We­bi­nar links me­dia im­ages and self-es­teem is­sues

Cape Breton Post - - SPORTS - BY LAUREN LA ROSE

of do­ing,” said Kestin. “In schools, me­dia lit­er­acy is re­ally im­por­tant.”

The Na­tional Eat­ing Dis­or­der In­for­ma­tion Cen­tre is en­cour­ag­ing the fash­ion and ad­ver­tis­ing in­dus­tries to make a com­mit­ment to show­case a more di­verse ar­ray of mod­els and body types in hopes of send­ing a more pos­i­tive mes­sage to young girls and women.

The on­line pledge (www.nedic.ca/pledge) ap­peals to fash­ion leaders and mar­keters “to in­spire girls and women with looks that are beau­ti­ful and at­tain­able by cast­ing re­spon­si­bly and re­touch­ing min­i­mally.”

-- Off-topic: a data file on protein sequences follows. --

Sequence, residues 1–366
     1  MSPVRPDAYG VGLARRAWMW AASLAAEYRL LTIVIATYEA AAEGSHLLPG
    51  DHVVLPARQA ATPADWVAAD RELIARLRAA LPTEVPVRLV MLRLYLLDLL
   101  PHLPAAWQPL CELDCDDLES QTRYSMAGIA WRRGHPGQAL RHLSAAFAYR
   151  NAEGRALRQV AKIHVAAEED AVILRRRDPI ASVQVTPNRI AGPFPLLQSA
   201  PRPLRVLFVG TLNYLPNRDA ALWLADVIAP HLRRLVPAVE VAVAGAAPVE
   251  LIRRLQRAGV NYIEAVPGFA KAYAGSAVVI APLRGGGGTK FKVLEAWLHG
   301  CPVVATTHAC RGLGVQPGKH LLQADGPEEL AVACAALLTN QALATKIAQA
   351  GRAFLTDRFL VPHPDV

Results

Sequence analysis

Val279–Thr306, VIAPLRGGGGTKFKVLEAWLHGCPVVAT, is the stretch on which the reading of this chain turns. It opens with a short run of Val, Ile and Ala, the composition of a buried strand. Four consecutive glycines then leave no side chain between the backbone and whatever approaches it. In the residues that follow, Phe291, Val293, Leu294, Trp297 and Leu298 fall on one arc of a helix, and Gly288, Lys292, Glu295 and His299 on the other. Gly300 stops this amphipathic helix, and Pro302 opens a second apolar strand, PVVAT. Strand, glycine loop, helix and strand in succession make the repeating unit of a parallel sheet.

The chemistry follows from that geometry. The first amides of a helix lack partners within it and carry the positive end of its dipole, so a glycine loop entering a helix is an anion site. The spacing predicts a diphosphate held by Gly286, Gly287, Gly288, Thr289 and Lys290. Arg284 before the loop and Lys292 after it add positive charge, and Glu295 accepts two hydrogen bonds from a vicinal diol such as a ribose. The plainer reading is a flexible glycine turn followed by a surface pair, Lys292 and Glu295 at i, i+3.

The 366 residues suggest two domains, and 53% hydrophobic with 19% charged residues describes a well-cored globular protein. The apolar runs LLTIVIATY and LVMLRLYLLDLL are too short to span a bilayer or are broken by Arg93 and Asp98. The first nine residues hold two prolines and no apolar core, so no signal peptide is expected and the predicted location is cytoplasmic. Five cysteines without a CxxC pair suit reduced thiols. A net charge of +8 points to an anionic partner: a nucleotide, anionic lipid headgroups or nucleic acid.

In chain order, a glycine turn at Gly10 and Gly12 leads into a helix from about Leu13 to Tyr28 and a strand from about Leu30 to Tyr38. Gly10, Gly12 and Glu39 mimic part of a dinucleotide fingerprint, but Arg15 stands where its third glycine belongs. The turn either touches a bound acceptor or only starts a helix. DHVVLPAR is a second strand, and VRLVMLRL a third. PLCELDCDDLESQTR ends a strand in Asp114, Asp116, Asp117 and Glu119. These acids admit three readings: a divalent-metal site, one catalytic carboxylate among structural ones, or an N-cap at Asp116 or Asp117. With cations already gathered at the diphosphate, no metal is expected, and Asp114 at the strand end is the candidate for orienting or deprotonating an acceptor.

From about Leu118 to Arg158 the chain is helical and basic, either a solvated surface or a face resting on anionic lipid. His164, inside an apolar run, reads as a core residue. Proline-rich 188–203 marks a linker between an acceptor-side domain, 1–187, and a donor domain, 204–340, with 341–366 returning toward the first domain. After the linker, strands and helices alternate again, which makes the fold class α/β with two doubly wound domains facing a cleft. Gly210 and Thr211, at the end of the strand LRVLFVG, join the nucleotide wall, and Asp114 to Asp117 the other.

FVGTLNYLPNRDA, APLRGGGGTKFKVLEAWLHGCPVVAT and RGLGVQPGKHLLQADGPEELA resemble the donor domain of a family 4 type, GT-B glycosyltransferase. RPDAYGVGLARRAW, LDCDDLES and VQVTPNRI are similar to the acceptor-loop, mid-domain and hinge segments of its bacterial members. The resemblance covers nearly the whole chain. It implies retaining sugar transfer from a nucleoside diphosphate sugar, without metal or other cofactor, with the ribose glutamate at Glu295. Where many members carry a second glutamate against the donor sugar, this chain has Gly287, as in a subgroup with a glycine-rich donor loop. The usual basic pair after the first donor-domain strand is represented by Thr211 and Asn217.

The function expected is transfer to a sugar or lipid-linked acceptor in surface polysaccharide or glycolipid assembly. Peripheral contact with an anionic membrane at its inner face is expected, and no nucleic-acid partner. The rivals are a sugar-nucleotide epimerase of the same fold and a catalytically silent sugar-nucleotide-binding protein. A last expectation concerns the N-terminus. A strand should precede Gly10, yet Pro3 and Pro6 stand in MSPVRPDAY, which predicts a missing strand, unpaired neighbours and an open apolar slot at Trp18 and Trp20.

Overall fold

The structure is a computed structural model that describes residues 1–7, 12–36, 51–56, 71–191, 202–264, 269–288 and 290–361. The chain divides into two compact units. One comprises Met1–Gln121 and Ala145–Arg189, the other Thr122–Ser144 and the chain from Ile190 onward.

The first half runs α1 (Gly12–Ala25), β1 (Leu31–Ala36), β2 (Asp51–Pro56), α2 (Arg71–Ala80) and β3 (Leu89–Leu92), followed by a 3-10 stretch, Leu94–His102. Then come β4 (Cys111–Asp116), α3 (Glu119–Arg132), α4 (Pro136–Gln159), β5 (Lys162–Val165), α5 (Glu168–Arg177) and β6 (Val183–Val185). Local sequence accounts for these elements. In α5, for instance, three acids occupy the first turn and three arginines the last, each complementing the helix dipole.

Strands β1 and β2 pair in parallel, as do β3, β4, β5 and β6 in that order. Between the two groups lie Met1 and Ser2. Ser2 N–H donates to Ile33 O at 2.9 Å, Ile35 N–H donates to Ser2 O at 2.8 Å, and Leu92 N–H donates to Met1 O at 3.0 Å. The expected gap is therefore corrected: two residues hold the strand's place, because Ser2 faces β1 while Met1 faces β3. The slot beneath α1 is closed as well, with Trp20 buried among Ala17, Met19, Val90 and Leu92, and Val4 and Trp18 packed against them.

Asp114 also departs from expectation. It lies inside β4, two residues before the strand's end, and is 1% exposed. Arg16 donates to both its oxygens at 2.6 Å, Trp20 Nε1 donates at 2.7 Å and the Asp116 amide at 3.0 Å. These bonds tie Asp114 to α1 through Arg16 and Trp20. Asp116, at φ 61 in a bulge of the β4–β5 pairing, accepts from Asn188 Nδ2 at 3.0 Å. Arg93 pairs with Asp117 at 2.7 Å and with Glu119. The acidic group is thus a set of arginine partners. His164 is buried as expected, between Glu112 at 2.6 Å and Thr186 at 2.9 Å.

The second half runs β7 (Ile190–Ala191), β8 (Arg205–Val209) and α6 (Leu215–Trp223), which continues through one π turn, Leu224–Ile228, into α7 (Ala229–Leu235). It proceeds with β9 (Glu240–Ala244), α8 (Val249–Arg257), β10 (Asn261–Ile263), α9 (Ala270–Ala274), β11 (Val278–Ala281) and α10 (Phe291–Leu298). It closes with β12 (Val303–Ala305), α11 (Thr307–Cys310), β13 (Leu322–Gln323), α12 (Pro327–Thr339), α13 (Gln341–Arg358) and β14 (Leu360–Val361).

The is­sue of how women are rep­re­sented in fash­ion and ad­ver­tis­ing has been a hot-but­ton is­sue in re­cent months.

Last year, Polo Ralph Lauren Corp. ac­knowl­edged that an im­age of one their for­mer mod­els had been dig­i­tally al­tered. The roundly crit­i­cized ad showed an ema­ci­ated de­pic­tion of Filippa Hamil­ton whose waist had been nar­rowed to ap­pear smaller than her head.

In Oc­to­ber, Ger­many’s most pop­u­lar women’s mag­a­zine an­nounced that it was ban­ning pro­fes­sional mod­els from its pages in favour of “real women.” An­dreas Le­bert, ed­i­tor-in-chief of Brigitte, said the move was a re­sponse to read­ers who were in­creas­ingly say­ing they were tired of see­ing the “pro­trud­ing bones” of mod­els who weigh far less than the av­er­age woman.

Newspapers in English

Newspapers from Canada

© PressReader. All rights reserved.